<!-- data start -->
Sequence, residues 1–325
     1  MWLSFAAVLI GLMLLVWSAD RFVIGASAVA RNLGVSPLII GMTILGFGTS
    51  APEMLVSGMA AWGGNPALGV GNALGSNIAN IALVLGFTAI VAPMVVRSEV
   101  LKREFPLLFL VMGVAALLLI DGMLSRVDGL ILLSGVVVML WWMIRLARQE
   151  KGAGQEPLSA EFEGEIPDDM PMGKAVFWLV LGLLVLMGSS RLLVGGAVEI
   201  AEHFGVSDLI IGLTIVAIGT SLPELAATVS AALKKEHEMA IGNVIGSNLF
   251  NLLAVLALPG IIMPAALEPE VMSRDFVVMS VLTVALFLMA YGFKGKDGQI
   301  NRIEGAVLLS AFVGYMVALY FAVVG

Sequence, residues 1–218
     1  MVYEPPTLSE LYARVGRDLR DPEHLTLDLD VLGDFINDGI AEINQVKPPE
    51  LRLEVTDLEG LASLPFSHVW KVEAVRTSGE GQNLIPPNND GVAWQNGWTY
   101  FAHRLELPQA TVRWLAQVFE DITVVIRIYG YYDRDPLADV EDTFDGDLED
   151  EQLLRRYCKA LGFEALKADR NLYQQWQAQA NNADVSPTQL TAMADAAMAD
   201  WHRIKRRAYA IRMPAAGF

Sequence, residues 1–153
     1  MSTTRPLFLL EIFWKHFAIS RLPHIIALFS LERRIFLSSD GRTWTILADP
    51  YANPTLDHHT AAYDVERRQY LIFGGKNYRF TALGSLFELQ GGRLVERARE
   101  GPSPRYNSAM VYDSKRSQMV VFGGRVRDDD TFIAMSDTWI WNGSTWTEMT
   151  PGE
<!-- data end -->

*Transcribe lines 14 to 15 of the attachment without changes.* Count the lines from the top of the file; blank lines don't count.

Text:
   201  WHRIKRRAYA IRMPAAGF

Sequence, residues 1–153